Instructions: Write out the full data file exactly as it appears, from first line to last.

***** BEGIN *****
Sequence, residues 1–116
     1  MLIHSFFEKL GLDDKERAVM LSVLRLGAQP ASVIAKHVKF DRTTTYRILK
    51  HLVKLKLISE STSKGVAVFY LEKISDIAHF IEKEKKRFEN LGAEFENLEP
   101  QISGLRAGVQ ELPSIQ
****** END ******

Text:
Sequence, residues 1–116
     1  MLIHSFFEKL GLDDKERAVM LSVLRLGAQP ASVIAKHVKF DRTTTYRILK
    51  HLVKLKLISE STSKGVAVFY LEKISDIAHF IEKEKKRFEN LGAEFENLEP
   101  QISGLRAGVQ ELPSIQ